W3C home > Mailing lists > Public > public-html@w3.org > March 2009

Re: [whatwg] <time>

From: Leif Halvard Silli <lhs@malform.no>
Date: Wed, 11 Mar 2009 05:46:04 +0100
Message-ID: <49B7420C.4000607@malform.no>
CC: Charles McCathieNevile <chaals@opera.com>, whatwg@lists.whatwg.org, "public-html@w3.org" <public-html@w3.org>, jim@eatyourgreens.org.uk, Ian Hickson <ian@hixie.ch>, Andy Mabbett <andy@pigsonthewing.org.uk>
Charles McCathieNevile 2009-03-11 01.48:
> On Tue, 10 Mar 2009 18:03:37 +0100, David Singer:

>> I'd rather have the historical pages say "In the 4th year of
>>  the first Indiction cycle of the second reign of the Emperor
>>  Justinian called the golden-nosed, in the 3rd day following
>>  the nones of August, at the hour of dawn in the city of 
>> Chrysopolis" (and then they give the Gregorian translation, 
>> e.g. 6am on the 12th of August 707 CE).

You meant: Give the Gregorian date inside the datetime attribute?
Gregorian date in the text is urelevant in lots of contexts. [1]

> Indeed. That's one of the ways it can be done. IMHO it meets a
>  huge set of the possible use cases. [...]

The current draft text says that <time> "represents a precise date
and/or a time in the proleptic Gregorian calendar".

This gives the impression that one cannot use <time> for such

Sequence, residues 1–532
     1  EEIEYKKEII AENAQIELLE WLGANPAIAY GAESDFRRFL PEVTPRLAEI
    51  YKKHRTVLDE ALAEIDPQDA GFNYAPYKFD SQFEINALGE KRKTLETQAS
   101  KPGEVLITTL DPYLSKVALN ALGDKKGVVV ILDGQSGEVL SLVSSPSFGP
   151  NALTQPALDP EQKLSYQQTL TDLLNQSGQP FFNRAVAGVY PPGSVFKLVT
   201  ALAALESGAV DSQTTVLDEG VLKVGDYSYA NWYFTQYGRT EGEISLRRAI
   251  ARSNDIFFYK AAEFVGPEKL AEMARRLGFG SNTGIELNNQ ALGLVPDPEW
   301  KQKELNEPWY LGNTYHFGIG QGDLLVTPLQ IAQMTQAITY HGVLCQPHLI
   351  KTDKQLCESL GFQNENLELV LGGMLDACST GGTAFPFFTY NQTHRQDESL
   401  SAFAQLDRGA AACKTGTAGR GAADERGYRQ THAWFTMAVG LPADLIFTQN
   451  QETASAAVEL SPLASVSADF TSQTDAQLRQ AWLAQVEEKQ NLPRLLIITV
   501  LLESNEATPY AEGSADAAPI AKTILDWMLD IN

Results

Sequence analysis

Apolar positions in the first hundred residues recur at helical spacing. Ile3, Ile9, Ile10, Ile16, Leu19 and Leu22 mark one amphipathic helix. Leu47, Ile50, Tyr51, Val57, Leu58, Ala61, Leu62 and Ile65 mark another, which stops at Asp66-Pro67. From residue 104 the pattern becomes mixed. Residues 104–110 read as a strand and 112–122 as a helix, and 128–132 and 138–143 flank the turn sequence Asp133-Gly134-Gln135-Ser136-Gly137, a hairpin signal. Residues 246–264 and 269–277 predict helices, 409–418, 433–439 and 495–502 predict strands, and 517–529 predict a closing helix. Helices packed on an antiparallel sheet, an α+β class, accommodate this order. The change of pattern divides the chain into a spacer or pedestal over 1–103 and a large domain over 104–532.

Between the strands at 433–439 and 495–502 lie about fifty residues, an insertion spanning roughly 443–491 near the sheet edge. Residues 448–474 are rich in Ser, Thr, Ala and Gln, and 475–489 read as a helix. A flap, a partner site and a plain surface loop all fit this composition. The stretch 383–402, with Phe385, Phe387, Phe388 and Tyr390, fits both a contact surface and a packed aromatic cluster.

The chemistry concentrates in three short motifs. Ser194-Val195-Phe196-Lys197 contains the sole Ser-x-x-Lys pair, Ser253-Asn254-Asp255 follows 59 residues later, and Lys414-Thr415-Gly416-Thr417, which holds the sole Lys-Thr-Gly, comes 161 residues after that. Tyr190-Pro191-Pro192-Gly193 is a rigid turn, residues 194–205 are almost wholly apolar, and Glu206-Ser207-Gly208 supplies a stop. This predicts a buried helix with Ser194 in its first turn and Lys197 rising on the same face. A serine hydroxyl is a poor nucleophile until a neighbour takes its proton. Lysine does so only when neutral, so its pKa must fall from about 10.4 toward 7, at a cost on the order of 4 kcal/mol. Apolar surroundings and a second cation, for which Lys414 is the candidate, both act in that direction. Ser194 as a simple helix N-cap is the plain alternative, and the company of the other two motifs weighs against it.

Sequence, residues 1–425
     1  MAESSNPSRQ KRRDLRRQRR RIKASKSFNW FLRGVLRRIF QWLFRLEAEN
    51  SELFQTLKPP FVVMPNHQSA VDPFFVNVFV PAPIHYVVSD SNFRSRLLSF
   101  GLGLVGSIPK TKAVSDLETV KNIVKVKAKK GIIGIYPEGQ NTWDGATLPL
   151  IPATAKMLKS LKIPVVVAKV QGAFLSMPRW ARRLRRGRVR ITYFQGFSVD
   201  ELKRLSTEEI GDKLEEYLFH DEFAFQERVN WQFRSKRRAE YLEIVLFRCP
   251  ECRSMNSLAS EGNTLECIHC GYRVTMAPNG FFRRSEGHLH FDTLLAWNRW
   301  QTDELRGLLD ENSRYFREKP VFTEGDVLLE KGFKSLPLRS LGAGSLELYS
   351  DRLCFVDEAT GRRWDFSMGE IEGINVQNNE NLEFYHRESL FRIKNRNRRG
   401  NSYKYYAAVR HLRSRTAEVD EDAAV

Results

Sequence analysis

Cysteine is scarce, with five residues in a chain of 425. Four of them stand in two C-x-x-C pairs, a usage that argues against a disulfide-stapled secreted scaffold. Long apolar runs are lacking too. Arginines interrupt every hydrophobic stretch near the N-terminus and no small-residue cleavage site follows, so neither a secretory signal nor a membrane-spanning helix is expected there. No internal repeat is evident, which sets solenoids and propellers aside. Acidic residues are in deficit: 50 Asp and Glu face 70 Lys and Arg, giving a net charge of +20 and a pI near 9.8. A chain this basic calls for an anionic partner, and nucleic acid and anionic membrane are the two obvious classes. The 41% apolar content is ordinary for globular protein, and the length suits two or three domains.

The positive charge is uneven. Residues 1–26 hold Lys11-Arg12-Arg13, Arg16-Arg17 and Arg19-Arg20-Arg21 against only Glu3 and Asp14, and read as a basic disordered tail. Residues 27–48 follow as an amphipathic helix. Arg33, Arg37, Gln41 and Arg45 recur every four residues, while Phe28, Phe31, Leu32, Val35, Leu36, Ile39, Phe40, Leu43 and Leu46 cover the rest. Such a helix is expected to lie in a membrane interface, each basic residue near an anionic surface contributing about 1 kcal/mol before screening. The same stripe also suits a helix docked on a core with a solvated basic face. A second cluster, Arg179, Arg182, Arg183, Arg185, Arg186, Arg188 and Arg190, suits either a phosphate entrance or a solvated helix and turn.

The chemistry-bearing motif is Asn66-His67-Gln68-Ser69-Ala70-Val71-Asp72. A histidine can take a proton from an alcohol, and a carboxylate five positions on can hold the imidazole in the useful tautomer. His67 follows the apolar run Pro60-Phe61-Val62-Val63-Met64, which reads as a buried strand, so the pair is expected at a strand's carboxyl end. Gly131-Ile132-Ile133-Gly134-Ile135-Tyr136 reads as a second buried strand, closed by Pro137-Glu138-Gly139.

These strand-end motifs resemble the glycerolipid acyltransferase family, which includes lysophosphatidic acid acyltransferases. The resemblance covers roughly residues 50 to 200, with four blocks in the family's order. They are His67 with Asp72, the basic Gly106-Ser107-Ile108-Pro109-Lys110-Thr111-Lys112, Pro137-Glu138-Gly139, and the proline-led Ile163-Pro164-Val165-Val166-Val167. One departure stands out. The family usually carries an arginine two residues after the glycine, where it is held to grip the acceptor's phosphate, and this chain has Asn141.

things as David mentioned. If it is meant that one should be able
to use <time> for giving the date of the October revolution ...

<p><time datetime="1917-11-7">25 October 1917</time>
<p><time>25 October 1917</time>

... then the draft text should be changed to stress that  it is 
the *datetime* attribute which "represents a precise date
and/or a time in the proleptic Gregorian calendar".

The real problem is when e.g. <time>Easter</time> refers to a 
Julian date before the new calendar was introduced.

Jim O'Donnell 2009-03-10 19.53:
> On 10 Mar 2009, at 17:03, David Singer wrote:

>> The trouble is, that opens a large can of worms.

    [AKA there are lots of calendars to support.]

> This is already a solved problem in the Text Encoding Intiative 
> (TEI). [ ... ] <date calendar="Julian" value="1732-02-22">Feb. 
> 11, 1731.</date> [ ... ] We can't change the author's original 
> written dates, but it would be useful to normalise documents 
> using the Julian calendar to proleptic Gregorian dates.

Yes, the draft needs to clear up the (mis)understanding that 
<time> requires authors to place Gregorian dates in the original.

If the calendaric meta information should be available to human 
consumers, then then @title seems like a better place. The draft 
could recommend how to use @title for <time>.


Aryeh Gregor 2009-03-10 22.37:
> On Tue, Mar 10, 2009 at 3:48 PM, Andy Mabbett 
>>> How widely - compared to Julian dates - are those 
>>> published, in the wild?
>>> 
>>> You might be tending towards 'Reductio ad absurdum'.
> 
> There are definitely [too] many non-Julian/Gregorian calendar systems
   [ ... ]
> A much saner solution seems to be to say that HTML supports 
> exactly one type of calendar: in this case, proleptic 
> Gregorian.  

Again, this is about the datetime attribute. The draft should 
stress that the very text content can be in any calendar format.

> Authoring tools can be used to convert from other 
> formats to Gregorian.  

And in that regard, it should be very relevant to have a calendar 
attribute.

[1] http://en.wikipedia.org/wiki/Proleptic_Gregorian#Usage
-- 
leif halvard silli
Received on Wednesday, 11 March 2009 04:46:49 UTC

This archive was generated by hypermail 2.3.1 : Thursday, 29 October 2015 10:15:43 UTC